The global competitive balance of the 21st century is soon going to look very different than it does today – and China and Japan will play integral roles. The question is: How will they tap into the potential of their aging populations?
Conventional wisdom, of course, says that China is Asia’s emerging tiger economy and that it will overtake the U.S. as the world’s next economic superpower – while Japan, on the other hand, has seen its sun set and its once-dominant economy will fail to keep pace with the world’s emerging markets.
A lot of smart people have used a lot of compelling data to build these long-held arguments, but missing from their predictive modeling is the notion that success or failure for these countries will be based on how well aging populations can be integrated into social and economic life – and become growth drivers for society, transforming 60-, 70- and even 80-year-olds from presumed dependent to active contributors.
When population aging is factored into the equation, China and Japan become veritable teaching labs for the rest of the world. Here’s why:
CHINA : Individual longevity has increased rapidly. Over the last 50 years, life expectancy has shot up, on average, from 40 to 70. Recent improvements in health, medicine and sanitation are enabling people to live far longer than they did just a generation before.
Birth rates are also way down. China has had a mandated one-child policy, of course, but the birth rate is declining in countries from Vietnam to Peru, and happening far more rapidly than it did among developed economies. By 2030, China will have 340 million people over the age of 60, a number that exceeds the U.S. population.
JAPAN : As in the U.S., Europe, Australia, and a few other nations, Japan’s aging population has been emerging since the end of the baby boom, and the country must now figure out how to align its social welfare model with 21st-century demographics. The need is pressing. Already, nearly one third of its population is over 60; this number will rise to 42 percent by mid-century.
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This is why, instead of asking, “How can we afford pensions and social security?” Japan would be far better off asking, “How can older adults remain vital contributors to economic growth and wealth creation, so that limited entitlement funds can be used for those who are really in need?” Innovative tax policy could enable entrepreneurship for seniors, incentives for new and different financial instruments, and investments for cures to the major non-communicable diseases that are crippling government and household budgets.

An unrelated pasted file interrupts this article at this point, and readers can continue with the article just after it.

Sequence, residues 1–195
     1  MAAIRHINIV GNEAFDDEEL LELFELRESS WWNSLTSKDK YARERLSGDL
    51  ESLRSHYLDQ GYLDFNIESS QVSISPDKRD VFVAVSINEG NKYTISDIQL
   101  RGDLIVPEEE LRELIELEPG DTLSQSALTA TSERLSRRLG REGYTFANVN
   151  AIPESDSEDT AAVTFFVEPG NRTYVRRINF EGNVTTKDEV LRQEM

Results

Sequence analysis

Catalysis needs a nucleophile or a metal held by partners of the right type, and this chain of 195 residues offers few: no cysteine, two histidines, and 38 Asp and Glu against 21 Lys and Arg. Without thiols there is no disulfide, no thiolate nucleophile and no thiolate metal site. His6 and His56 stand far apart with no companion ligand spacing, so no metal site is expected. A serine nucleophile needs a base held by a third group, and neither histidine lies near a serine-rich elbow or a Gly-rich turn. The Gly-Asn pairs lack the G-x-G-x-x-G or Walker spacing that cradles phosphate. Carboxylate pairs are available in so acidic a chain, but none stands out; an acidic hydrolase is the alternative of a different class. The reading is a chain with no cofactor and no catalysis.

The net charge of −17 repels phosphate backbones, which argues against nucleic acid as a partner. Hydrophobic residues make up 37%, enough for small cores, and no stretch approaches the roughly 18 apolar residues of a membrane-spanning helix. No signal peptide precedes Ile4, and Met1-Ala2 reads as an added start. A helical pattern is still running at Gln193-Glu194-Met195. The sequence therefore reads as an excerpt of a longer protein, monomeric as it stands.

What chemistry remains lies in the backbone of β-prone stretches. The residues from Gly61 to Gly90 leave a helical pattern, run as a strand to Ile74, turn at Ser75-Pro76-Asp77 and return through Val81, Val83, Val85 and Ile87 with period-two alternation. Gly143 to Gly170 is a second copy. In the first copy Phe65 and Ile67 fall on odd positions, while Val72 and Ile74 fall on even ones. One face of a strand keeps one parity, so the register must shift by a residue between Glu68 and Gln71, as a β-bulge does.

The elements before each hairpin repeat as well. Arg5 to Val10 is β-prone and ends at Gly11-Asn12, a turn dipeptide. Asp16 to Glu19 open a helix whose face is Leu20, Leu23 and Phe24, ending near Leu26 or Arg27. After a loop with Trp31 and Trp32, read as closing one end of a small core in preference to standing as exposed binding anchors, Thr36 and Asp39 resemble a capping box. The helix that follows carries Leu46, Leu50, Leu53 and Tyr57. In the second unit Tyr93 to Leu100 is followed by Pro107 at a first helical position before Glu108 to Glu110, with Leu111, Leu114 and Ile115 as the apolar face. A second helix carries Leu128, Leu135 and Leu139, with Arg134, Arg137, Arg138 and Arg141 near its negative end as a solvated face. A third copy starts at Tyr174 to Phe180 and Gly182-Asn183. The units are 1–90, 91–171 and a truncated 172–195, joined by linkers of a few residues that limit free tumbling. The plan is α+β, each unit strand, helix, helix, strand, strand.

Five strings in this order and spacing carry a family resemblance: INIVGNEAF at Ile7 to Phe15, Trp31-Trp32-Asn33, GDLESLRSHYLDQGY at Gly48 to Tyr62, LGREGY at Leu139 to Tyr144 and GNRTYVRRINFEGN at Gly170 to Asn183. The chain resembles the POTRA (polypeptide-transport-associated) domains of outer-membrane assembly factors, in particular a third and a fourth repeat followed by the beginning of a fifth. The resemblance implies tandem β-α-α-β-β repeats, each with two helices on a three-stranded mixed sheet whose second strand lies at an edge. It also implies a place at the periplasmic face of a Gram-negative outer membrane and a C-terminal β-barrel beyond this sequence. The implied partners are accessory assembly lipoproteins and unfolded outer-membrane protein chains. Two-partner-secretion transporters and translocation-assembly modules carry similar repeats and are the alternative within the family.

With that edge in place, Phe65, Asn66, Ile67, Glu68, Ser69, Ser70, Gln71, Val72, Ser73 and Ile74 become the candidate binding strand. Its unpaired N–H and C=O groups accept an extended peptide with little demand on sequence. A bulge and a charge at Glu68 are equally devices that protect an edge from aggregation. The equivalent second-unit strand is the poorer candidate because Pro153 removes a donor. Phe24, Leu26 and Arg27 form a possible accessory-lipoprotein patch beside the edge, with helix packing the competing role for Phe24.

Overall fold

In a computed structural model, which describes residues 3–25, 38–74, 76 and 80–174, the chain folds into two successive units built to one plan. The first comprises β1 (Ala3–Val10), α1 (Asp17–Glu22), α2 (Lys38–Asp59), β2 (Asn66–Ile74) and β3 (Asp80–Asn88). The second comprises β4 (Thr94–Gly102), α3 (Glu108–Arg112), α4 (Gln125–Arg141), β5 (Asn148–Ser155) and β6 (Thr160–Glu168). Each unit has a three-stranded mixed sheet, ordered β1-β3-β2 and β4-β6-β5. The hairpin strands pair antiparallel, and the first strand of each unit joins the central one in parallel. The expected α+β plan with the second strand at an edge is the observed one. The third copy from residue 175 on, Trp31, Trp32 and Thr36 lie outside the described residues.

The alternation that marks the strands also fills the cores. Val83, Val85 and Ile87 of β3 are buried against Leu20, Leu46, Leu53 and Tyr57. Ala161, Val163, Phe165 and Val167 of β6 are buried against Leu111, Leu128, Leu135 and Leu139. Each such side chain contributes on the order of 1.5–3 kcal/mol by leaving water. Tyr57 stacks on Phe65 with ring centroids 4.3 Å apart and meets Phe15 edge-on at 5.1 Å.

The leaders of both countries seem to understand the need for measures that tap into the potential of older adults. In China, population aging has become a policy priority with business implications. The country’s 12th Five-Year Plan emphasizes “strengthening the role of families and developing an aging industry to respond to the health care needs of the elderly.” Recently Xiao Caiwei of the China National Committee on Aging said that China aims to keep “97 percent of older people either living at home or depending on community-based services.” To do this, China intends to create “virtual institutions,” or information platforms that connect seniors who “age in place” with service providers.
In Japan, population aging is driving technological innovation. The country recently hosted an OECD/APEC conference in which academics, policy leaders and other thought leaders lay out the roadmap for where and how technology can enable a more integrated, engaged path of aging. Of the numerous exciting possibilities, Toyota’s “independent walk assist” robots are just one example.
Michael W. Hodin, Ph.D., is Adjunct Senior Fellow at The Council of Foreign Relations and Executive Director of The Global Coalition on Aging.